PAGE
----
What Is Vascular Dementia?

Vascular dementia can occur as a result of a severe stroke or multiple small strokes which affect the blood vessels inside the brain. When a stroke occurs, no matter how minor, it reduces the amount of oxygen and nutrients getting to the brain cells, resulting in impairment. These symptoms may occur at the same time as physical stroke symptoms, such as difficulty walking or paralysis on one side of the face or body. While vascular dementia does not cause Alzheimer’s disease, or vice versa, it is not uncommon for a person to have both Alzheimer’s disease and vascular dementia.

If a physician suspects vascular dementia, they may order tests, such as blood work, neurological exams and brain imaging (such as a CT or MRI scan).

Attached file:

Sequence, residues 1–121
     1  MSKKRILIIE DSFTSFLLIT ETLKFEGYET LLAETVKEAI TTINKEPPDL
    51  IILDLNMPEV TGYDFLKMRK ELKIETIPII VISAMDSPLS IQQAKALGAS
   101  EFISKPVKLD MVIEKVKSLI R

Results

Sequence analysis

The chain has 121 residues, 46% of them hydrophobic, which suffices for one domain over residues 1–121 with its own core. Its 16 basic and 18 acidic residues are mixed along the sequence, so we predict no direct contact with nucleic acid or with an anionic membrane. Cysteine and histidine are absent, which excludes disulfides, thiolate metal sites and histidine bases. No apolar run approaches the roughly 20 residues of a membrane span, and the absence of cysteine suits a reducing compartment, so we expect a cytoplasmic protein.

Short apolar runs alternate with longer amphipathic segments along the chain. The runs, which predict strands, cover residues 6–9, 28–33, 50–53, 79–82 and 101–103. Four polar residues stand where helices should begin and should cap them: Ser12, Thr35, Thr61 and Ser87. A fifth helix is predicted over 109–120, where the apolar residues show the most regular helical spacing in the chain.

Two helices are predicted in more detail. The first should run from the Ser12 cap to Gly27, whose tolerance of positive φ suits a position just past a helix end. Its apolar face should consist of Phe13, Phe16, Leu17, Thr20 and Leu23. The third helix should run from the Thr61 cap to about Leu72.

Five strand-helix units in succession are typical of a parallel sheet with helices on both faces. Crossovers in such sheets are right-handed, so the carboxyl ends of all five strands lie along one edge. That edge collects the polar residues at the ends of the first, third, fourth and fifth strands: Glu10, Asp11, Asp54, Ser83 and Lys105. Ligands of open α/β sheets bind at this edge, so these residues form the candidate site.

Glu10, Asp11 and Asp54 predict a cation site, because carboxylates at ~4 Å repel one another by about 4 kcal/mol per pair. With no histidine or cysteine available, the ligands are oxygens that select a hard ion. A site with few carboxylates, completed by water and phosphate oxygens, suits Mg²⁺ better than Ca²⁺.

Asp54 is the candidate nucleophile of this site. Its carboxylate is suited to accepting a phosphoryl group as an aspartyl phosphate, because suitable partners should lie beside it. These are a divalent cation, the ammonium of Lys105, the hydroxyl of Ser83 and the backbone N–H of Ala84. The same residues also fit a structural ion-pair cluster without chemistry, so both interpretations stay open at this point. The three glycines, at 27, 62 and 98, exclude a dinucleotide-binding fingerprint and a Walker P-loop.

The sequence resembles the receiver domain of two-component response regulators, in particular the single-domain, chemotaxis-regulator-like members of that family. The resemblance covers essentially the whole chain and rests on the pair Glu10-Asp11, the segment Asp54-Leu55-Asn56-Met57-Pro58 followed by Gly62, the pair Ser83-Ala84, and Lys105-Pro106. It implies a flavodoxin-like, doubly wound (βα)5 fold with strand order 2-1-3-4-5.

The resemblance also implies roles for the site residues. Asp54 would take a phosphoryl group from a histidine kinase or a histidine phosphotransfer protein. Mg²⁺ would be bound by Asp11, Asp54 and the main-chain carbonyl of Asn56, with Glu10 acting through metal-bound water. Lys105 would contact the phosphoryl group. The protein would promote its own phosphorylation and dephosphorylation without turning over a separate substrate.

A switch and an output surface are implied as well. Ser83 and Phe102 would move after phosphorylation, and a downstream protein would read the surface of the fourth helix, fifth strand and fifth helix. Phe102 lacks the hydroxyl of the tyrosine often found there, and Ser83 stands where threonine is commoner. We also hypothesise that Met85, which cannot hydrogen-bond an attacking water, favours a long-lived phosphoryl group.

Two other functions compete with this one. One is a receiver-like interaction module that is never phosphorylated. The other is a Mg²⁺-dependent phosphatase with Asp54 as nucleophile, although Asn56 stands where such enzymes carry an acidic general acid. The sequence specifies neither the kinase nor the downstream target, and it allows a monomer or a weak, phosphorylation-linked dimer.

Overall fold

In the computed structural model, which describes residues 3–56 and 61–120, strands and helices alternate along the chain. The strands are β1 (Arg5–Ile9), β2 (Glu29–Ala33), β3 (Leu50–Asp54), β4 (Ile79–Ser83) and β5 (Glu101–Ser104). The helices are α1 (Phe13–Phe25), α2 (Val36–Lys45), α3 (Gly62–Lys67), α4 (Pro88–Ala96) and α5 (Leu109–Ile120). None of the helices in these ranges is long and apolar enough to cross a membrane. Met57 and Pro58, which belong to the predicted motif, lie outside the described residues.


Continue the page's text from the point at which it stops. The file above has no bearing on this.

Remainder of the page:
COMMON WARNING SIGNS

  • Diminished judgment and planning
  • Inability to pay attention
  • Difficulty in social situations
  • Struggling to find the right words

What Should I Expect As A Caregiver?

For caregivers, understanding common behavior changes of someone living with Vascular dementia is important. A caregiver may need to provide emotional and physical support, as well as encouragement. Individuals with dementia are likely to become restless, experience mood changes and wander. Knowing how to balance a person’s safety and independence becomes more difficult as the disease progresses.

How Can We Help?

Meeting the demands of a loved one with Vascular Dementia can be difficult and seem impossible. Memory care is all we do. We offer the following services dedicated to those living with memory impairments.

  • Support, education and information for caregivers and family members.
  • An environment that helps to keep residents safe and as independent as possible.
  • Staff specially trained on caring for residents living with memory loss.